Online

WCB 2021 - Online

Session Item

Friday
May 07
08:45 - 10:00
Brachytherapy physics 2030 – Enhanced application and in-vivo treatment verification
0150
Symposium
09:21 - 09:39
In vivo HDR brachytherapy source tracking with point dosimeters: current status and future directions
Joel Poder, Australia
SP-0056

Abstract

In vivo HDR brachytherapy source tracking with point dosimeters: current status and future directions
Authors: Joel Poder(St George Hospital Cancer Care Centre, Department of Medical Physics, Sydney, Australia), Dean Cutajar(University of Wollongong, Centre for Medical Radiation Physics, Wollongong, Australia), Andrew Howie(St George Hospital Cancer Care Centre, Department of Medical Physics, Sydney, Australia), Marco Petasecca(University of Wollongong, Centre for Medical Radiation Physics, Wollongong, Australia), Michael Lerch(University of Wollongong, Centre for Medical Radiation Physics, Wollongong, Australia), Joseph Bucci(St George Hospital Cancer Care Centre, Department of Radiation Oncology, Sydney, Australia), Anatly Rosenfeld(University of Wollongong, Centre for Medical Radiation Physics, Wollongong, Australia)
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Abstract Text

Brachytherapy has been proven to be an effective radiotherapy modality for a number of treatment sites including the breast, prostate and cervix. However, it is also recognized that amongst patients who have received brachytherapy as part of their treatment that up to 15% of such procedures may result in sub-optimal dose distributions.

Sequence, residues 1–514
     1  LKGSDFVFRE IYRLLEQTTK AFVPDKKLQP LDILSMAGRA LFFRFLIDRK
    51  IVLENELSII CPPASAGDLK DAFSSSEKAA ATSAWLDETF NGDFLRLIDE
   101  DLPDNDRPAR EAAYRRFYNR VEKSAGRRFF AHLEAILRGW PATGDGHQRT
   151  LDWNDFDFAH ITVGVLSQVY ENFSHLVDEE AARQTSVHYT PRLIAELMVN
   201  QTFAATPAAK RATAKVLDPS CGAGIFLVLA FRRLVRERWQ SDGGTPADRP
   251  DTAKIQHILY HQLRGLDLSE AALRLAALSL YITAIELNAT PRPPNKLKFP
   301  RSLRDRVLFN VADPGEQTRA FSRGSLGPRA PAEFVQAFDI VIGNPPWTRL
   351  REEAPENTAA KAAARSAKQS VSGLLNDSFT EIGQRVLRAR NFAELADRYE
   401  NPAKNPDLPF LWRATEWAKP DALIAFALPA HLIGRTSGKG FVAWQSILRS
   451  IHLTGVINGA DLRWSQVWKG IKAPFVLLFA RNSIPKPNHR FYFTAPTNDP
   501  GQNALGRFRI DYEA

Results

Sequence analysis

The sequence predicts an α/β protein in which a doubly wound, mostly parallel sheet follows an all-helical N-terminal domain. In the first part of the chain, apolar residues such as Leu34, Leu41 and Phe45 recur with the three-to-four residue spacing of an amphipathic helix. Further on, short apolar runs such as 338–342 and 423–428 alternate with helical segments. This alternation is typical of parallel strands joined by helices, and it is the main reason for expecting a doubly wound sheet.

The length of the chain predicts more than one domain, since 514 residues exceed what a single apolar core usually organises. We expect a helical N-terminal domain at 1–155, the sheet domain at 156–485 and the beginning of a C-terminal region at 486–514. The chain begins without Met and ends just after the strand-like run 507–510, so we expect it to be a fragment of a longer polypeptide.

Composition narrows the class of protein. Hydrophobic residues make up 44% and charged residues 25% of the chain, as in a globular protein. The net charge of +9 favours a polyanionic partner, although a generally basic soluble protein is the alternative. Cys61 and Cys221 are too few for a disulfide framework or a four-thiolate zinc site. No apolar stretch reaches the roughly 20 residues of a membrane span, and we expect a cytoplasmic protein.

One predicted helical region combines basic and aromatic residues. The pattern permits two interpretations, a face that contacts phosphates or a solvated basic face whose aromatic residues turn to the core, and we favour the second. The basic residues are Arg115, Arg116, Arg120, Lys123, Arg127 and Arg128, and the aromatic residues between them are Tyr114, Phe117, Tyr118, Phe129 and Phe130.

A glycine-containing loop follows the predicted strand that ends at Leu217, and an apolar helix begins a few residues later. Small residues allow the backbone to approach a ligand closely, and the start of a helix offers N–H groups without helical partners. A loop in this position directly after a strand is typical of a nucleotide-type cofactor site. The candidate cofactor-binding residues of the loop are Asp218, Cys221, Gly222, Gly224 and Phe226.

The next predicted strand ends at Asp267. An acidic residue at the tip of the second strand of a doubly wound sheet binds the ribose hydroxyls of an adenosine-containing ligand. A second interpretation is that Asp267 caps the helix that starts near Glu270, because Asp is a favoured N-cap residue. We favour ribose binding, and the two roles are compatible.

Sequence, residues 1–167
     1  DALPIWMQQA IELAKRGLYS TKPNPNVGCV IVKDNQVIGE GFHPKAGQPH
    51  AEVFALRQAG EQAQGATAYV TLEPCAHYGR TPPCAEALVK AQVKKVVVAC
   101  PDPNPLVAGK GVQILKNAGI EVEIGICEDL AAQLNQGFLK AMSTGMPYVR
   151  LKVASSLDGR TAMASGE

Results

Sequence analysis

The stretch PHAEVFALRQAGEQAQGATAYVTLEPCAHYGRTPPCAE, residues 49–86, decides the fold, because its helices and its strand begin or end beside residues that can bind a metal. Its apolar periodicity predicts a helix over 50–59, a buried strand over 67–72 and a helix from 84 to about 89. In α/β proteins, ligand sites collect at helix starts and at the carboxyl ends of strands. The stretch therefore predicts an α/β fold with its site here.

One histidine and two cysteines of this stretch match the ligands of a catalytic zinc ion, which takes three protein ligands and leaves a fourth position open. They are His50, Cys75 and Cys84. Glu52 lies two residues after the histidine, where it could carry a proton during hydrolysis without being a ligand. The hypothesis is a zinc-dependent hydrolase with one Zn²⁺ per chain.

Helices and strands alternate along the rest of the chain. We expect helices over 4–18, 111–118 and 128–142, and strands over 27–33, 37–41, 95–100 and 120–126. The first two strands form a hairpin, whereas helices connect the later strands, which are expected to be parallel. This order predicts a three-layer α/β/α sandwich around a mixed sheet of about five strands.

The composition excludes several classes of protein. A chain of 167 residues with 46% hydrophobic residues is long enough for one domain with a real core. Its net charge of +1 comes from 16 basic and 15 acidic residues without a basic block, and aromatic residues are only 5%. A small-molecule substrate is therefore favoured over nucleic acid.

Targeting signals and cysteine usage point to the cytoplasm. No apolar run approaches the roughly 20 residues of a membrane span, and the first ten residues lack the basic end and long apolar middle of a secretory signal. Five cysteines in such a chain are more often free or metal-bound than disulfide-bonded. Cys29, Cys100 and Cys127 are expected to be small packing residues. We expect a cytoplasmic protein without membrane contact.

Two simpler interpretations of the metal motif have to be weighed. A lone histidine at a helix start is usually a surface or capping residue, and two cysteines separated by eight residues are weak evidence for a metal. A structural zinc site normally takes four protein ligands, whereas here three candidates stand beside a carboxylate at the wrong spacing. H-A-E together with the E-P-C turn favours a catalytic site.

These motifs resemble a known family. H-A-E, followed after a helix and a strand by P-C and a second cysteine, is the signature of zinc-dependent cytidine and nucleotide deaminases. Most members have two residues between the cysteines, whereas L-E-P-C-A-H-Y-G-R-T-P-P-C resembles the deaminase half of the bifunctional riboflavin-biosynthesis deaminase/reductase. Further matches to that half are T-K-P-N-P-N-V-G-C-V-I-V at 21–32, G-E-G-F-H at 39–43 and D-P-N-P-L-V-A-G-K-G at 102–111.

There has therefore been an increased focus within the brachytherapy community in recent years towards more comprehensive treatment validation. One form of treatment validation that is beginning to be utilized is in-vivo source tracking, through the use of either two-dimensional detector arrays or single point detectors.

A review of the literature reveals that in-vivo source tracking techniques using two-dimensional arrays placed beneath a patient have been shown to have the ability to track the brachytherapy source to within 2 mm relative to the patient anatomy, whilst detector arrays integrated into transrectal ultrasound imaging devices can measure a dwell position with sub-millimetre accuracy, and point detectors placed within a catheter or on an applicator have measured shifts in dwell positions (relative to the detector) on the order of 0.5 mm.

In this talk I will discuss the potential advantages of in-vivo source tracking using point dosimeter arrays as compared to performing in-vivo dosimetry, particularly in the context of the steep dose gradients experienced in brachytherapy. Desirable detector properties for performing in-vivo source tracking will be outlined, with particular reference to the angular dependence and detector sensitivity.

I will also give an overview of the evolution and current status of novel detector systems developed at the Centre for Medical Radiation Physics that have been applied to in-vivo source tracking in HDR brachytherapy at St George Cancer Care Centre, Sydney and the Fondazione IRCCS Istituto Nazionale Tumori, Milan.

Finally, beyond the suitability of the detector type selected for in-vivo source tracking, there are several additional practical and philosophical challenges that must be overcome when implementing a successful in-vivo source tracking system. For example, the question of what is an appropriate in-vivo source tracking error threshold. I’ll conclude this talk by presenting the current status of in-vivo source tracking in overcoming these challenges and discuss the outlook of in-vivo source tracking for HDR brachytherapy as the community moves towards more comprehensive treatment validation.